Dan Eisenberg Explores Whether Paternal Age Impacts Offspring’s Lifespan
Posted: 3/25/2018 (CSDE in the News)
In a pioneering experimental study on the effect that paternal age has on offspring’s lifespan and telomere length, Affiliate Dan Eisenberg, Associate Professor of Anthropology, and a team of researchers found that zebra finch embryos with older fathers had shorter telomeres than counterparts sired by younger fathers and the same mother. The telomeres from embryos fathered by older finches were about 10 percent shorter than those with a younger father.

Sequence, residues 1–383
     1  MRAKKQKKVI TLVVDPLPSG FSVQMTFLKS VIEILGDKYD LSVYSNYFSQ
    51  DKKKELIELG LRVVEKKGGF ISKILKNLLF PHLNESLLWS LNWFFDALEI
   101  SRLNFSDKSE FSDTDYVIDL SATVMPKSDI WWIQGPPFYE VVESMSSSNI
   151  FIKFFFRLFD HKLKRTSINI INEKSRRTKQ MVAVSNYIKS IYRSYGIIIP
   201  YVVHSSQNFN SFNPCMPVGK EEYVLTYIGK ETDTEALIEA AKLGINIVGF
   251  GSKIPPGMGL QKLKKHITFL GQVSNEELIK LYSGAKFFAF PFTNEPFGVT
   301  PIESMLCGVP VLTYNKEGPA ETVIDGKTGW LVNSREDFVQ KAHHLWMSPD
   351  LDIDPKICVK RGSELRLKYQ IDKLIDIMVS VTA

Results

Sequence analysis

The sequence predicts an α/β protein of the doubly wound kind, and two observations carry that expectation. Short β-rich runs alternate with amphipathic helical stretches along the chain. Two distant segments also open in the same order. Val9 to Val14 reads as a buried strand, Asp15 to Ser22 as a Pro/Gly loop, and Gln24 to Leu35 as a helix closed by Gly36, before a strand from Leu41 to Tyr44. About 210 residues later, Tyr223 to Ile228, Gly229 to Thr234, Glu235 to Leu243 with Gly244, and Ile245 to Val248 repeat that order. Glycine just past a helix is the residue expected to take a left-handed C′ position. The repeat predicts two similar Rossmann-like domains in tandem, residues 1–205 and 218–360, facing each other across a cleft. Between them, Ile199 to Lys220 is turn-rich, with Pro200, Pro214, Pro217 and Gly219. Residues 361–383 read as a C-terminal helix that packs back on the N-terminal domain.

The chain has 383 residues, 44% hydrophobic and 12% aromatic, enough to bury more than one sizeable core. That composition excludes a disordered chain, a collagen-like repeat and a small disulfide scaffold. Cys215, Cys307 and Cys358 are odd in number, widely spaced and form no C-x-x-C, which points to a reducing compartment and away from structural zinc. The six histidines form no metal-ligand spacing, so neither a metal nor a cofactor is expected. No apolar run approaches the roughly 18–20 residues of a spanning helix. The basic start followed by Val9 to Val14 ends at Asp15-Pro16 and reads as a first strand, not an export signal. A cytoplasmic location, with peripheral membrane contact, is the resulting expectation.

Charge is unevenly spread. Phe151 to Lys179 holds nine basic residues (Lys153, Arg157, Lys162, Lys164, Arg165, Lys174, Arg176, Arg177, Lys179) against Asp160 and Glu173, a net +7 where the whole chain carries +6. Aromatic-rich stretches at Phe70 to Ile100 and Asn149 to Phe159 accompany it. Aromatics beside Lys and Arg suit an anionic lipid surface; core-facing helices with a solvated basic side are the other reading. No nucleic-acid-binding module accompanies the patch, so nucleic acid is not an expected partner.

Of the zebra finch findings, Eisenberg noted: “The experimental design of this study looking at the effect of paternal age on telomere length of [zebra finch] embryos is particularly strong, allowing for confidence in these results.” Eisenberg researches the impact that paternal age has on telomere length in offspring, with a focus on humans and chimpanzees.
The research team bred 44 pairs of birds and followed their lives from 2012 through 2017. Although older age of both mothers and fathers shortened longevity of their offspring’s lifespan, the impact was more marked among older fathers. Just 5 percent of offspring with an older father survived to a year, while 80 percent with a younger father survived to that age.